Black Women Have to Put Up with Bullshit Beauty Standards

We spoke to Natalie Bullock Brown, who's creating a documentary that dissects the messages black women receive about beauty.

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Jul 15 2015, 5:05am

Photo via Flickr user Steven Depolo

Recently, I came across a video of 102-year-old Alice Barker, who had been part of a dance group called the Sepia Steppers during the Harlem Renaissance. In the video, you can see a younger Barker dancing alongside other light-skinned black women at various jazz clubs. It's rare to find this kind of positive historical footage of black women, and Barker's enthusiasm is contagious—but I couldn't help but notice that there were no dark-skinned women dancing.

This wasn't uncommon at the time. Some of the popular Harlem venues in the 20s and 30s, like The Cotton Club, only hired light-skinned dancers. But even today, in music videos and television shows, dark-skinned women are largely absent. The black women we do see in popular culture are those with the types of white features deemed beautiful: small noses, straight hair, thin bodies.

These beauty standards are the subject of a forthcoming documentary film by Natalie Bullock Brown, called Baartman, Beyoncé & Me. The film aims to dissect the messages black women receive about beauty, including the value placed on light-skinned women with "white" features. Her project is both historical and contemporary, ranging from the exoticization of black women like Sarah Baartman (sometimes called the Hottentot Venus) to the false sense of empowerment from black pop stars like Beyoncé. Brown also reflects on the messages she received about beauty growing up, from the way her mother tried to de-sexualize her black body, to the rejection she felt from boys, to the displacement she felt at her predominantly white school.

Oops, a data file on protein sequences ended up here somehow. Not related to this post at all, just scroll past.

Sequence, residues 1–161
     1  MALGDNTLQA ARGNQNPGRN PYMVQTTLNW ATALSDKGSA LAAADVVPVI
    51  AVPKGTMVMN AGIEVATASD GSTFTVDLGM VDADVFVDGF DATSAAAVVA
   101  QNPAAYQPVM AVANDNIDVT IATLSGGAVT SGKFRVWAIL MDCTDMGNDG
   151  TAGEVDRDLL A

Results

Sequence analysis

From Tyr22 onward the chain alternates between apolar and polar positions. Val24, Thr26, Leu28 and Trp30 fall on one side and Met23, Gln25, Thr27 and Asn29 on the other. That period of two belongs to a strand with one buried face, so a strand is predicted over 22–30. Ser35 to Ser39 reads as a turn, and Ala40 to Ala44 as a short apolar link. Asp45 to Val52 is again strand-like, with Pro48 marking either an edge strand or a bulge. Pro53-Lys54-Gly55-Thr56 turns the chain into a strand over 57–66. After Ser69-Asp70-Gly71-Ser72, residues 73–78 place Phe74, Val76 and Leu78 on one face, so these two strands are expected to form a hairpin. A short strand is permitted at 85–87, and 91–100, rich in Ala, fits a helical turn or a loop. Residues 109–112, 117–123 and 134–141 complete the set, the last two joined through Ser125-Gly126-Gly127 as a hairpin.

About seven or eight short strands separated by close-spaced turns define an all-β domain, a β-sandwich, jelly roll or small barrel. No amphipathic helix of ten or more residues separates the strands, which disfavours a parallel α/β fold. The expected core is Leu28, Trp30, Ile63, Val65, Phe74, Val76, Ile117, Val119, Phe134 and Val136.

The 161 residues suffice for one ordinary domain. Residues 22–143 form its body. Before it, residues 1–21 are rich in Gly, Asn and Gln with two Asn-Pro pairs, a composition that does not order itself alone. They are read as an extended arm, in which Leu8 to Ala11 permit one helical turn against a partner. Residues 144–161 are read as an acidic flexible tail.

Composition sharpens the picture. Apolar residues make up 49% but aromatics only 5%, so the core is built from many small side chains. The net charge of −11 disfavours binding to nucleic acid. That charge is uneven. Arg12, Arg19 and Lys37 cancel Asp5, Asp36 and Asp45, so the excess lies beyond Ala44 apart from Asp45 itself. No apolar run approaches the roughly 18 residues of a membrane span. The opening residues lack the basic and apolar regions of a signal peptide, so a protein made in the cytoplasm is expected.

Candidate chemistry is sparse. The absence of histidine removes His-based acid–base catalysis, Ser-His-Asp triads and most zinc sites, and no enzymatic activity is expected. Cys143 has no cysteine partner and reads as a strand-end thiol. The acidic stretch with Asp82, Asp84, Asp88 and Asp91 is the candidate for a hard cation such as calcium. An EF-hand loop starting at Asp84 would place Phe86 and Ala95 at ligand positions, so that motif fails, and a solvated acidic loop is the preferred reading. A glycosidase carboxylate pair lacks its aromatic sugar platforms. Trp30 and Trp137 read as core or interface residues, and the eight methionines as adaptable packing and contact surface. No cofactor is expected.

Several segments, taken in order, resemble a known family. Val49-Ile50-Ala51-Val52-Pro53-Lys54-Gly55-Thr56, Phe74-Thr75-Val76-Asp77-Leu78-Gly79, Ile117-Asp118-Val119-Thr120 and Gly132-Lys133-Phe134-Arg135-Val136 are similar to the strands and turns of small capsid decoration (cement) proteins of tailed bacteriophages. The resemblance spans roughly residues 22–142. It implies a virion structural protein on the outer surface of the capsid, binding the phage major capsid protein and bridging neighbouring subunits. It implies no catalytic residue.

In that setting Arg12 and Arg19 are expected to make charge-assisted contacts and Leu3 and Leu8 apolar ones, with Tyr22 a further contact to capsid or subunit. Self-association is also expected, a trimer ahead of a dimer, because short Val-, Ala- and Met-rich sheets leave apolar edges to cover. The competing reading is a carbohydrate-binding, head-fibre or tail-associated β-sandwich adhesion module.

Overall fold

A Kickstarter campaign to fund the film, which ended last week, raised over $17,000. I caught up with Brown to learn more about the goals of the documentary and the types of messages society sends to black women and girls about who gets to be beautiful.

VICE: Could you tell me about your background?
Natalie Bullock Brown: I grew up in Chicago, Illinois. Part of what shaped my identity—and probably what directly led to this film—is that from second grade until I graduated from high school, I attended a 98 percent white, Jewish private school. I grew up on the [predominantly black] South Side of Chicago, and my school, which was called Francis W. Parker, was located on the [predominantly white] North Side. I took the bus out of my neighborhood into what was essentially another world.

Why did your parents send you there?